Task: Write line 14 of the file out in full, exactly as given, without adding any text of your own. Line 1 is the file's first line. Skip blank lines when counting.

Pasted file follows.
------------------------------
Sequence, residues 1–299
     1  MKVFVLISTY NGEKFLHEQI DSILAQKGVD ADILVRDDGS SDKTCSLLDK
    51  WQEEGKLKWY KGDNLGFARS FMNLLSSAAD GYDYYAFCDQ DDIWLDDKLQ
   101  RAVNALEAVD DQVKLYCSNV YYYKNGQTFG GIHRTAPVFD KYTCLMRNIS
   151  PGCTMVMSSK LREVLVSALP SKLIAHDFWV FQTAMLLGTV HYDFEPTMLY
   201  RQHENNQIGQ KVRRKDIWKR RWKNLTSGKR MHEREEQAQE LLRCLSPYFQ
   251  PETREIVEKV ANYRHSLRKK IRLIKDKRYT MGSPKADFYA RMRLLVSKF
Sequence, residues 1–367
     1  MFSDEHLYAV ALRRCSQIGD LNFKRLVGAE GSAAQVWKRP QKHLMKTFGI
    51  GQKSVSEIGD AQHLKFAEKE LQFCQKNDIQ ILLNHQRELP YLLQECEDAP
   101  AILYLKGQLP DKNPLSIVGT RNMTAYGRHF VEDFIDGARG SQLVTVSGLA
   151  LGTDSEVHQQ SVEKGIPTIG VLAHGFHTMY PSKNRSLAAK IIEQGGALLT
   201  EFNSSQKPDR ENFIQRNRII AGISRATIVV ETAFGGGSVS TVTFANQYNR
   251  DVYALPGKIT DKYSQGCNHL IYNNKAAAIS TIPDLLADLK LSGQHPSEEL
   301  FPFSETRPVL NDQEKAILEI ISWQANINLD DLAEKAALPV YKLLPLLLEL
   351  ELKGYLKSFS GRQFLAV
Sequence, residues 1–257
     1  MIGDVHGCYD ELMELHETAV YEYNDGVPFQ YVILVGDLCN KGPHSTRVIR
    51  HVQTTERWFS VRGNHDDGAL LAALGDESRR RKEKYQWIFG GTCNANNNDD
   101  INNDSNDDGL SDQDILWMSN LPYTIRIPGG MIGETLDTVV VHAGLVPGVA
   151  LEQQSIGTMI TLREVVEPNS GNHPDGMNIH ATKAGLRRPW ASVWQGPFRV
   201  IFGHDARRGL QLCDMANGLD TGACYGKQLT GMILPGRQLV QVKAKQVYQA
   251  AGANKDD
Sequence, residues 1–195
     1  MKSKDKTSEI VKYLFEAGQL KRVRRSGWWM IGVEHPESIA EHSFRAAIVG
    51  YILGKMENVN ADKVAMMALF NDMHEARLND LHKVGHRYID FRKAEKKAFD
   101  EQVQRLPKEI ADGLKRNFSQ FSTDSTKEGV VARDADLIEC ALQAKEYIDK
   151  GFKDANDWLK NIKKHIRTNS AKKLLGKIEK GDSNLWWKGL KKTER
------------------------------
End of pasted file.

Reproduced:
   251  DVYALPGKIT DKYSQGCNHL IYNNKAAAIS TIPDLLADLK LSGQHPSEEL